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2.2 Introducing the Constraint Validation API

Modern browsers support the Constraint Validation API, which lets us use the browser to do the hard work. We just have to respond to the results.

2.2 Introducing the Constraint Validation API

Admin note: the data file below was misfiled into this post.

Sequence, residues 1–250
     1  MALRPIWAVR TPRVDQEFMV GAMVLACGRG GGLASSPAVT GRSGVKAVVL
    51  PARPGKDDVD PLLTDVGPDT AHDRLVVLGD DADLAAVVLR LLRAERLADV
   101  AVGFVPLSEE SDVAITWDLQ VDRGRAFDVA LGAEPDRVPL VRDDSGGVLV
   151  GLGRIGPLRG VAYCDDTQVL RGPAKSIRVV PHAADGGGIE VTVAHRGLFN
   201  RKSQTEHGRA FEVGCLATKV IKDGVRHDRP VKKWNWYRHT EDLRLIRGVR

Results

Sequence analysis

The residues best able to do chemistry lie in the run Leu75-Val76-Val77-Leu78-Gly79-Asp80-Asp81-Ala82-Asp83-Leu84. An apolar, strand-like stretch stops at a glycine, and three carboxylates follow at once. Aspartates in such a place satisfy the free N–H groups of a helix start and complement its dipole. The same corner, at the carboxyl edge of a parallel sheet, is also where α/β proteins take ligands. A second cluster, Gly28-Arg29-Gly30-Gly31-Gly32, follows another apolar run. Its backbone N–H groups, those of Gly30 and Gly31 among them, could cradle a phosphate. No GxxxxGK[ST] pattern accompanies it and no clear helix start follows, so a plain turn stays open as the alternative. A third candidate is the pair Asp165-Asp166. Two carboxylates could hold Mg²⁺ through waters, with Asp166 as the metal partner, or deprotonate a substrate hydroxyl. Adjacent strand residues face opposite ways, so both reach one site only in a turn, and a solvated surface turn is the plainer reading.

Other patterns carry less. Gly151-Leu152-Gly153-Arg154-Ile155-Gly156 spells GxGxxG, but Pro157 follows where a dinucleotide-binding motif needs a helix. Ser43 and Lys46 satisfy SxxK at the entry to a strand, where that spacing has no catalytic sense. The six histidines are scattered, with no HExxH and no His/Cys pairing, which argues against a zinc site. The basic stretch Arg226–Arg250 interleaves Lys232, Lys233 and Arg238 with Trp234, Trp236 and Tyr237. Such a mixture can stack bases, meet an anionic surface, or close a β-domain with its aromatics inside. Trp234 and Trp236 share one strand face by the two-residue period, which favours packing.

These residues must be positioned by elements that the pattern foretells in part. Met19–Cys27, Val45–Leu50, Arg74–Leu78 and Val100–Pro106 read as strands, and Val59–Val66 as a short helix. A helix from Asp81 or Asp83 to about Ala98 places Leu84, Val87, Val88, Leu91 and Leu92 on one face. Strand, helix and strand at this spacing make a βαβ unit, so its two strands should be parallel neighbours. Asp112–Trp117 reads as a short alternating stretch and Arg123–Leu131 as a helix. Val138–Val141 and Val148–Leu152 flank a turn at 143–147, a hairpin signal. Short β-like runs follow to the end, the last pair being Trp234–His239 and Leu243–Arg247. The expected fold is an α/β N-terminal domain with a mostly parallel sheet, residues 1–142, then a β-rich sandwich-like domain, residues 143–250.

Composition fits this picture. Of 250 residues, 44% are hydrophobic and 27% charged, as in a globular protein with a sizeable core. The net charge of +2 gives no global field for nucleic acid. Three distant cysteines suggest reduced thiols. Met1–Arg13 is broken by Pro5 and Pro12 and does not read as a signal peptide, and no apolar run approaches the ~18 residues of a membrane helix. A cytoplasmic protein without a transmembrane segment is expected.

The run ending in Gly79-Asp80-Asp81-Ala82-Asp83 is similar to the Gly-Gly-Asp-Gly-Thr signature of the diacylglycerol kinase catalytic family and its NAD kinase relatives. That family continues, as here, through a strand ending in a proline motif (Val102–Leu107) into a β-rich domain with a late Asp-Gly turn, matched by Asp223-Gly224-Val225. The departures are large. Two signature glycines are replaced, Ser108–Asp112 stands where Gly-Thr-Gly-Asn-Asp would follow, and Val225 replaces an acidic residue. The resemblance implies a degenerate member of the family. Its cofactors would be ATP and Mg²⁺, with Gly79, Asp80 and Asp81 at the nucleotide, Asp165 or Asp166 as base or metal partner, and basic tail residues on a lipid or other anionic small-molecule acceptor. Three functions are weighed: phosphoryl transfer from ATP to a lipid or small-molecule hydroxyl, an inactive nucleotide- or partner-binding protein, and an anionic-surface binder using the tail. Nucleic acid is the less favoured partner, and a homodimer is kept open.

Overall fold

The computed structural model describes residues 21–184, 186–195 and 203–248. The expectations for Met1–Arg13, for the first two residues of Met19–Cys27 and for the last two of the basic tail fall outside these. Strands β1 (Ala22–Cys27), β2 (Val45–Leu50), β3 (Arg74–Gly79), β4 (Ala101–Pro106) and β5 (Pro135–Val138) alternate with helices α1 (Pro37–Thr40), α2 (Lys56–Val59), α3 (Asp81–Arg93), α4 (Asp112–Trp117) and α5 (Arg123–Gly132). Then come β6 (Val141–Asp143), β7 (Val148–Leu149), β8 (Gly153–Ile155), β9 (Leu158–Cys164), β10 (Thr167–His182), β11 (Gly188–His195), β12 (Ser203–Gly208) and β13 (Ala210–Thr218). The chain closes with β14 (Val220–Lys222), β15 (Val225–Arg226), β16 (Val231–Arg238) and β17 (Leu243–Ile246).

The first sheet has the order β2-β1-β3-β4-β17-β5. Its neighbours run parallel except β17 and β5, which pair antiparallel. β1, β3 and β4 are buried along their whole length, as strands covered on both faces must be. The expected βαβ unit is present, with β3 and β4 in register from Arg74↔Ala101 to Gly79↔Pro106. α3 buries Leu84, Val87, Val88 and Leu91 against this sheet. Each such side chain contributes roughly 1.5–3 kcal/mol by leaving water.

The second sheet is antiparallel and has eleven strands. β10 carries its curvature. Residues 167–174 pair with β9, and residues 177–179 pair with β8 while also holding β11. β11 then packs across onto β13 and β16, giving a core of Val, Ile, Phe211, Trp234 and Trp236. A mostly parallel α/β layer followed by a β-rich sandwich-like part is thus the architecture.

In the previous lesson I introduced you to the built-in form validation features in modern browsers, and it is a wonderful thing. And I can say that because I have spent countless hours writing form validation code. It's not fun- In fact, I can think of quite a few other things I would rather be doing than writing form validation code. And a lot of the problem was trying to find the best approach because were so many approaches to writing form validation code. But now we don't have to worry about that because the browser fricking does it for us and that is wonderful. So if you want to use the built in capabilities feel free. It's there. You can take the time that you would normally have to apply towards form validation and make something else in your page or application just that much better. However, there are a couple of reasons why you might not want to use it and the first is that the browser might not support. Now we thankfully live in a world where the modern browsers mostly support the same stuff, you know Chrome, Edge, Firefox Opera for the people that use it. They all support the main important things and form validation is one of them. So, if our target audience are just those browsers than we're golden. However, we still live in a world where Internet Explorer is used and I have to be honest, I don't really remember what Microsoft started to implement after version nine. So, 10 and 11 are kind of a blur to me. I do remember that there were some issues with form validation, in those versions. So I am just going to say that's okay, if we've to support version 10 and 11. Relying upon the built in support, probably isn't a good idea. So that would be the first reason, the second reason would be the look and feel of the page or the application. For example, let's first of all get rid of this background color cuz that's awful. Usually, I would think of a light red background for the invalid fields, so something that would look boot strappy, because we're using Bootstrap. And, in fact, I'm kinda surprised that something isn't built in already. But, you know, whenever we click on the Send Message button, we get this little pop-up, which is nice, I mean, that's great, however, it kinda takes us out of the experience. Of the page and application, and a lot of times user experience is very important so that would mean that we would want to be able to customize the form validation experience in which case we would have to write Java Script. So for older browsers, we have to write Java Script. For customization, we have to write JavaScript. But thankfully, we don't have to write merely the same amount of JavaScript that we used to because we have something called the constraint validation API. This is a feature that's really ties into the built in form validation that we've already talked about. So that means that we can use the required attribute. That means that email fields are still checked to see if they are valid email addresses. So we no longer have to write the code that's going to check all of that stuff. Instead, we just have to see if the form itself is valid. And then determine what isn't valid, which is actually quite easy. But wait a sec, what about older browsers? If the constraint validation API relies upon these built in capabilities, older browsers aren't going to have it. Well that's something else. There are many poly fields available for the constraint validation API. So we can use a poly fill in the older browsers write the same JavaScript code and we are good. So that's what we are going to start looking at in this lesson. The first thing that we have to do then is tell the browser that thanks for doing this but we don't want you, to validate our form anymore, and we do that very easily by adding an attribute to the opening form tag called no validate, and that is going to tell the browser not to validate the form. So if we submit this again, we're going to see that it does submit and there was no validation. We didn't see a pop-up message. There is nothing. Now, we get to write the code that's going to at least check to see if our form is valid. Let's put our JavaScript inside of a different file. So, let's create a new file. Let's call it formval.js and we of course want to reference this inside of our HTML. So, let's have a script element. The source attribute will be formval js, there we go. So inside of our JavaScript's, let's start with an immediately involved function because that's just good practice to do. And let's work primarily with the email field. Eventually we will work with everything else but for right now let's just focus on the email fields. So we will grab that element object with the getElementById method. And then we will listen for the input event. So that anytime that we type into the field then this event is going to fire, and that's going to give us an opportunity to check to see if this field is valid or not. And we do that very easily with our element object email. And then we have a property called validity and this is actually a type of object called validity state. That's a little difficult to say, so let's do this we're going to write the validity state object to the console so that we can then inspect it. So let's put the console let's submit the form, actually we don't have to submit, we are handling the input events. So, if we just type in to it we're going to see the first entry here. The validitystate has many properties, badInput, customError, patternMismatch, rangeoverflow, all of these are properties for certain types of validation. Now we are working with an email address. And you might think that the bad input would be for that type of validation, but it's not. It's type mismatch. And that makes sense because the form or the form field that we were working with is a type of email. And the value that we have typed into it is not an email. So there is a mismatch between the type of data that we've typed in with an email address. But as we start to fill this out, and we make it look like a valid email address, we're going to see that, that tight mismatch is now false. Now also notice that there is this valid property and we can see that it is true. If we look at any of the other entries here we're going to see that it well it says that's true too. Well anything after the at sign. It would be true, I would think so. Here we go, the first one the valid is false. So the type mismatch was true but the valid was false. So then in order to determine if this is a valid email, all we have to do then is say, if email.validity.valid if that's true, then we want to submit the form. But I would actually write it like this. If the validity is not valid, then we want to prevent the default from occurring, and let's go ahead and let's alert something. We'll say that the email is invalid, now that's not going to make my point as far as user experience is concerned, we will focus on that at another time. But now and this is actually going to be quite awful, but if we type we see email is invalid and we're going to see that every time until we have what it thinks is going to be a valid email address and that is unfortunate after the @ sign I said earlier. So anything after the @ sign, although the dot didn't, okay, so there we go. So now, well, I hit an invalid character but we can see that we have a valid Email address so we're not seeing that message displayed anymore. So in the next lesson we are going to take this idea of using the constraint validation API and we are going to make it work better within our form. I guess the next thing that we need to do is display our error message so that it doesn't do it within an alert box. But we also need to handle the forms submit event because we definitely don't want the form to be submitted if the Email field is invalid so we all do all of that in the next lesson.